British Medical Association announces £20,000 for Humanitarian projects in developing countries


The British Medical Association (BMA) has opened the application process for the 2013 Humanitarian Fund grants. NHS teams planning to work overseas on health projects can now apply for grants of up to £3,000. The Fund, which is administered by the BMA’s International Department, will allocate a total of £20,000 to new projects in 2013.

Last year grants were given to a range of projects such as:

Training local healthcare workers in Cambodia to better deal with the victims of landmines

A programme to reduce infant mortality in Uganda by training staff in newborn resuscitation

A project to improve health care in a hospital for older people in Myanmar.
Dr Terry John, Chair of the BMA’s International Committee, said:

The BMA Humanitarian Fund has been supporting healthcare workers working in developing countries to deliver lasting healthcare improvements for over 10 years. I am always impressed by the fantastic work done by the doctors who apply for grants and would encourage those looking to take part in projects in the coming year to get their applications in.”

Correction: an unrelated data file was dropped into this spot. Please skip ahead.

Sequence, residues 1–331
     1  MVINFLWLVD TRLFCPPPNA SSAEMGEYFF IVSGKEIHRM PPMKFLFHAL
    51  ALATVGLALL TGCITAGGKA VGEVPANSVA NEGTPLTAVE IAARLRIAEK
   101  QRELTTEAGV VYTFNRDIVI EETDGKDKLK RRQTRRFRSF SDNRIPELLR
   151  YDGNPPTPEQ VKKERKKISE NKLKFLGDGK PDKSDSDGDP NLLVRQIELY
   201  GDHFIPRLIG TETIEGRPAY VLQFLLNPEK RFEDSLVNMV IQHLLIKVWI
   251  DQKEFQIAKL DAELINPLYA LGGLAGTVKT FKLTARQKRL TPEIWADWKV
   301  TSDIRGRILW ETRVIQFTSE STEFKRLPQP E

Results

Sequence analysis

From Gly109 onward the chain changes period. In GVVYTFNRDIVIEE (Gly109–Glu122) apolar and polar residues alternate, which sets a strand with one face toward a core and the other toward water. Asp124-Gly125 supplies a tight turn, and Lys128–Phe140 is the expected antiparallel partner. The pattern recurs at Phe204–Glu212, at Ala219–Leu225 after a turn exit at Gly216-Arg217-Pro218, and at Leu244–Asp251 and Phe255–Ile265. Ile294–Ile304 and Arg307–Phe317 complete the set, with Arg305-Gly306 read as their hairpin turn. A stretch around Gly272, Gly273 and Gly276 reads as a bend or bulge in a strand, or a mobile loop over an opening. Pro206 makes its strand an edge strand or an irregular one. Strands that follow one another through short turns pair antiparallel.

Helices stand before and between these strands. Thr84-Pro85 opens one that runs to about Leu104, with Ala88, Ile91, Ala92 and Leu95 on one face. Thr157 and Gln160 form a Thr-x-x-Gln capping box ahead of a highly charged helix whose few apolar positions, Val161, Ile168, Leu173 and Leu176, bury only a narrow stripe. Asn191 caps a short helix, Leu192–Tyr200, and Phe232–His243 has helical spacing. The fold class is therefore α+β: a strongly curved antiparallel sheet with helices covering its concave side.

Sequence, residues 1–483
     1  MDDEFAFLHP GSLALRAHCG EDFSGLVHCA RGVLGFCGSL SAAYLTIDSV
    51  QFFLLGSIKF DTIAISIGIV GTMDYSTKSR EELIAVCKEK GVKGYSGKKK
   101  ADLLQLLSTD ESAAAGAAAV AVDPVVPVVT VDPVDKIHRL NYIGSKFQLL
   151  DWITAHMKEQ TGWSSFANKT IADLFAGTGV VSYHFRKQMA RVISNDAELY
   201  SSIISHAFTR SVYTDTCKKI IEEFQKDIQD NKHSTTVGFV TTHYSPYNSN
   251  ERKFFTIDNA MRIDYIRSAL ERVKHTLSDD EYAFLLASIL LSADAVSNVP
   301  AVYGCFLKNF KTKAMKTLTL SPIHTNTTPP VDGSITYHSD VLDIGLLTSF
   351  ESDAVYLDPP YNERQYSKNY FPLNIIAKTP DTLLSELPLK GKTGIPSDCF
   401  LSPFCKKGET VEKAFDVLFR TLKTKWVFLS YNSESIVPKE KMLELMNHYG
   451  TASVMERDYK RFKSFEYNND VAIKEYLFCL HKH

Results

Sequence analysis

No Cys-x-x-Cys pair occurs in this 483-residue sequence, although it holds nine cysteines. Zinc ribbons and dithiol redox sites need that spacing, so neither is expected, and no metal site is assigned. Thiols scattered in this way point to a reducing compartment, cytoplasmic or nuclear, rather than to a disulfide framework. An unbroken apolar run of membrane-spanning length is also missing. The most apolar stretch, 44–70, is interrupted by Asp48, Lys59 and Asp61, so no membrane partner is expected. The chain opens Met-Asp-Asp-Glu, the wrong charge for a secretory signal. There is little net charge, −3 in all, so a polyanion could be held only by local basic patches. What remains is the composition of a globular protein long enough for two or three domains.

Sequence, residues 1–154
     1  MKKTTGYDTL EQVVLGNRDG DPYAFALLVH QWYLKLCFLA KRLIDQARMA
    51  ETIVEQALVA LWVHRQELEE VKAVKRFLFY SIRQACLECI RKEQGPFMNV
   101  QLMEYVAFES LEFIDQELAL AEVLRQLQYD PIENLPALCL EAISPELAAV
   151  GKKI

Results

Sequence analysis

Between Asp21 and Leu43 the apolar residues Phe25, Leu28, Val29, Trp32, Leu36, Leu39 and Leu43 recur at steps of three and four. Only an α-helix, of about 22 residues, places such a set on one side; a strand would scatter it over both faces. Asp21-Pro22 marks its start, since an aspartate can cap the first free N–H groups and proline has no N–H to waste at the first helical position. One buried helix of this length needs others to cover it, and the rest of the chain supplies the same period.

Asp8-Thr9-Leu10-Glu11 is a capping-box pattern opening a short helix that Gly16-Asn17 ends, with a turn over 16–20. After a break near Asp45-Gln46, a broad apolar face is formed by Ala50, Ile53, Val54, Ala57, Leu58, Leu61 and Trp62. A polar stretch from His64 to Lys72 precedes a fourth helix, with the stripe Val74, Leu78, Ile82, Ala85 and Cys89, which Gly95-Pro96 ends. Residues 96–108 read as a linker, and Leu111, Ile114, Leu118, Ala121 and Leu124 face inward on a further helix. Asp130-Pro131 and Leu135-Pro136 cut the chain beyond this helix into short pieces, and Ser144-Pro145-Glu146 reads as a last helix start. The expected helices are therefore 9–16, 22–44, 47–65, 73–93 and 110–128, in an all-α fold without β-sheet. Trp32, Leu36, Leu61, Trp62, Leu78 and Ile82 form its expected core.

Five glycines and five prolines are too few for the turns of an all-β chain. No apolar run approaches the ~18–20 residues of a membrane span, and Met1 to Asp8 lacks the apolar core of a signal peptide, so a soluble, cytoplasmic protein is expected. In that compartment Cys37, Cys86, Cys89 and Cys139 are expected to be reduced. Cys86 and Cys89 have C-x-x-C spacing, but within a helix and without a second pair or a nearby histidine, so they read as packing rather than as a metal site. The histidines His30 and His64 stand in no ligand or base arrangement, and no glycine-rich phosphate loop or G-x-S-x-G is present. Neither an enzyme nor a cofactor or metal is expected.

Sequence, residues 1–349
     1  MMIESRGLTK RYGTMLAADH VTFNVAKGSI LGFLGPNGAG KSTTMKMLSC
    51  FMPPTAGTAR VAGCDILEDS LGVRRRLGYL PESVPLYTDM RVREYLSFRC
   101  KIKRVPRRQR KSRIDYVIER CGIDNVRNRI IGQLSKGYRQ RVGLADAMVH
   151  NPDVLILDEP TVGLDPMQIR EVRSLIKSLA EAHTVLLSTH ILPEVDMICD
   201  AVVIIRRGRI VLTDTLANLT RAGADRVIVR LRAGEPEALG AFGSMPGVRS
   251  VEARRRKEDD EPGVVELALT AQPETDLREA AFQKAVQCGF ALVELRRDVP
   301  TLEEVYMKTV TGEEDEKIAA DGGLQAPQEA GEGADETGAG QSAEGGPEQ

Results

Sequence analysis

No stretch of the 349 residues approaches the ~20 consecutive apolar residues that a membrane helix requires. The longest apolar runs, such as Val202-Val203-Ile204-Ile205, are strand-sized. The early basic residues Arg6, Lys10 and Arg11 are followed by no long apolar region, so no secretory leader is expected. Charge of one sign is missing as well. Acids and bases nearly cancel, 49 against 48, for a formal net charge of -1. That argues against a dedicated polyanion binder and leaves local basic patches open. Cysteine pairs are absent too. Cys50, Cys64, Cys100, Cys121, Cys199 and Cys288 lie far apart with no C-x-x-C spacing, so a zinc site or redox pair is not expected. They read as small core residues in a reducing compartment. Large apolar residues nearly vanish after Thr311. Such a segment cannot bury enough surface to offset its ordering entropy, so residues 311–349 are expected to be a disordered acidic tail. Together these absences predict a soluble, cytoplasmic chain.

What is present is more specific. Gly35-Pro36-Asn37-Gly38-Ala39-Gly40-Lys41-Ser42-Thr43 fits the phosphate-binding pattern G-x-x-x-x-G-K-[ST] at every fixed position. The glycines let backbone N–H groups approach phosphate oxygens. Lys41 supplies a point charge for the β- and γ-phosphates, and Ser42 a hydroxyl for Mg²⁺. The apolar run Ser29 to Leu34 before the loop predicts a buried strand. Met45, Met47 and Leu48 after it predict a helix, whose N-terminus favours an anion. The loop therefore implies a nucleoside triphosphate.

The grants provided by the Humanitarian Fund provide financial support to NHS staff working to improve healthcare in the developing world and the BMA is looking for applications from those planning to work with communities to deliver sustainable improvements. The grants are intended to cover costs such as travel expenses and accommodation that can often be a barrier to getting a humanitarian project off the ground.

Birmingham consultant in rehabilitation medicine Bandara Panagamuwa and consultant prosthetist Bernard Waldron visited Sri Lanka last year with the help of a BMA grant. Dr Panagamuwa is a trustee of the Meththa Foundation UK charity, which helps provide artificial limbs to patients injured in ethnic conflict in Sri Lanka. He said that the BMA’s Humanitarian Fund “enabled us to visit Sri Lanka on three occasions and provide 203 modern modular artificial limbs and appliances to [patients] who would have otherwise not received this level of service.”